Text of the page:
One of the defining characteristics of mankind is our capacity and intense desire to acquire knowledge. We are by no means the only species that is capable of learning, as is clearly evidenced by dogs mastering tricks, chimpanzees who take up painting, and dozens of other examples that are seen all around the world. However, humans have a unique passion for the acquisition, spread, and utilization of knowledge. From our earliest moments, we begin to learn about the world around us, and our journey of education never ends, despite leaving the traditional framework of educational institutions after our early years.
Everything that we as individuals develop out of something we have learned or understood, and over time, the process of education has changed dramatically. Teaching methods and educational theories are as malleable as the minds they seek to influence, and new forms of learning present themselves to us every day. There are those who think that education stops when they cross a graduation stage, and while it might slow down from a quantitative perspective, the breadth and depth of potential knowledge only begin to reveal them-self when “real life” starts.
One of the modern crises that we are facing in this generation relates to education. As the attention of nations is increasingly pulled toward global issues, the idea of educating new generations has unfortunately been pushed into the background. The systems that have worked for generations seem generally satisfactory, so interest in reform or sweeping changes to the traditional methods of education rarely makes it to the forefront of public discourse. This is a dangerous and slippery slope, because there is nothing with greater potential to do harm than an ignorant generation.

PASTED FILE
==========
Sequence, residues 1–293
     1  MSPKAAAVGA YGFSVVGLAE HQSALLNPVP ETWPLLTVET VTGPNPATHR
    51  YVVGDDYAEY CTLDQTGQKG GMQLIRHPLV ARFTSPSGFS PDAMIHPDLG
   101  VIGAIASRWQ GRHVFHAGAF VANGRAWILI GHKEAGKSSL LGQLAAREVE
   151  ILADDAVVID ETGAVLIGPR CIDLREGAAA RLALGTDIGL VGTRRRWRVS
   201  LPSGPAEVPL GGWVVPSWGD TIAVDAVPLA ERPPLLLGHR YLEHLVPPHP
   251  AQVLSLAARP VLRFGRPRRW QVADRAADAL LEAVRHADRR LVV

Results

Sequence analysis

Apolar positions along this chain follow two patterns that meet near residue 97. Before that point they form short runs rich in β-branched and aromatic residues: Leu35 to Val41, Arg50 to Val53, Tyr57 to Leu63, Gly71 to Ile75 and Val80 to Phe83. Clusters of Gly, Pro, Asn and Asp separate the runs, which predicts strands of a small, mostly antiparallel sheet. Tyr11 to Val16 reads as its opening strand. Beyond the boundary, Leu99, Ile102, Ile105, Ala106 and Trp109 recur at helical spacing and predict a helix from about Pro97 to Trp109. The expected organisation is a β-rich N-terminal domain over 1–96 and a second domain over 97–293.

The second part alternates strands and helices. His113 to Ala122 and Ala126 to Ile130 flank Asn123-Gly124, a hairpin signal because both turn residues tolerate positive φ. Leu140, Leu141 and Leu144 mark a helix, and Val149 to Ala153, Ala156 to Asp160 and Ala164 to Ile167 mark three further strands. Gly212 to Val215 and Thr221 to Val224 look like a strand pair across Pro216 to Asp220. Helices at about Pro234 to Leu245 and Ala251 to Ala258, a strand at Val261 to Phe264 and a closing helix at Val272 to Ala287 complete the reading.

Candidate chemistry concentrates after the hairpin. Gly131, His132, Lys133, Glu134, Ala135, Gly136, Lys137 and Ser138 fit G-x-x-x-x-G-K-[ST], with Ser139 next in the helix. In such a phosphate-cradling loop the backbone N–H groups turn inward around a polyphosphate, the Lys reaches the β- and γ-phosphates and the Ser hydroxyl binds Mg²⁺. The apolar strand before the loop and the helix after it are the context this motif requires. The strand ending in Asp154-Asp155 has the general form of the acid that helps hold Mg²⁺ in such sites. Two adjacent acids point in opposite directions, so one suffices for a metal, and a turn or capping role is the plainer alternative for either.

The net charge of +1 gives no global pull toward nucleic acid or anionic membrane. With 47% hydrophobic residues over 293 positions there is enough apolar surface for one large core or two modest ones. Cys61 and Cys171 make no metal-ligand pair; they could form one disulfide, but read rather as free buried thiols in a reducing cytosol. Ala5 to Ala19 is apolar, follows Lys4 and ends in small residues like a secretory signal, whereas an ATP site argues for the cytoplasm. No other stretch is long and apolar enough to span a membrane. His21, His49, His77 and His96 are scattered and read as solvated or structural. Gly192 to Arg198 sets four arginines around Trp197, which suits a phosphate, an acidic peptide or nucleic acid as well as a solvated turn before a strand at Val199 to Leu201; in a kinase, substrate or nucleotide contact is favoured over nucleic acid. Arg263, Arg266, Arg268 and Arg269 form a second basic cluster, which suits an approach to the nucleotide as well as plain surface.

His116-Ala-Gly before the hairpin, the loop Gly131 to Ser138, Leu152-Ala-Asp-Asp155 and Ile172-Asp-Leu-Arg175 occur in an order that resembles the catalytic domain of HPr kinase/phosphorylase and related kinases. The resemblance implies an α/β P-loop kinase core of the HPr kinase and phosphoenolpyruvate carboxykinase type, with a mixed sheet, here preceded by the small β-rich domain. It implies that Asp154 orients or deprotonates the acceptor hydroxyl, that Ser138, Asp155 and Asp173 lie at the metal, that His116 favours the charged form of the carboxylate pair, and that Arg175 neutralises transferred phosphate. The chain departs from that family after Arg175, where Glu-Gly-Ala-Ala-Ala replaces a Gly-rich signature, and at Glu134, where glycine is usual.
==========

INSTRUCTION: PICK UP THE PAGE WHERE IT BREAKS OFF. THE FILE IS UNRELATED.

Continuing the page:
Once the momentum of educational progress slows to a halt, then the only possible outcome of continuing with the same methodology is inevitable reversal. One generation passes their knowledge to the next, and this generation passes the same knowledge to the one that comes after that. If society and the economy develops and moves forward while our educational systems remain stagnant, the relative effect is one of learning moving backwards.
We have become so fascinated with the revolutionary advancements in recent years that it is becoming easier to forget about the fundamental needs of our cultures. Certain nations remain focused on maintaining a strong educational foundation for their up and coming generations, but far too many countries are seeing falling achievement scores, increasing drop-out rates, and a generally less educated public. Although there are an unlimited number of approaches to the process of learning, depending on subject matter, resources, teacher quality, and educational goals, educational reform has still remained slightly behind the pace of the world as we have moved into the 21st century.
When new pressures, fresh distractions, and shifting interests begin to impact the efficacy of the educational process, then a change must occur. Unfortunately, the “old ways” are still considered the best, and with some small exceptions like computer labs, online courses, and a growing concentration on technology and the internet, the basic elements of education have not changed in decades. Know more about the evolution of learning only at the University Canada West, one of the best universities in Canada, offering various business and management related programs.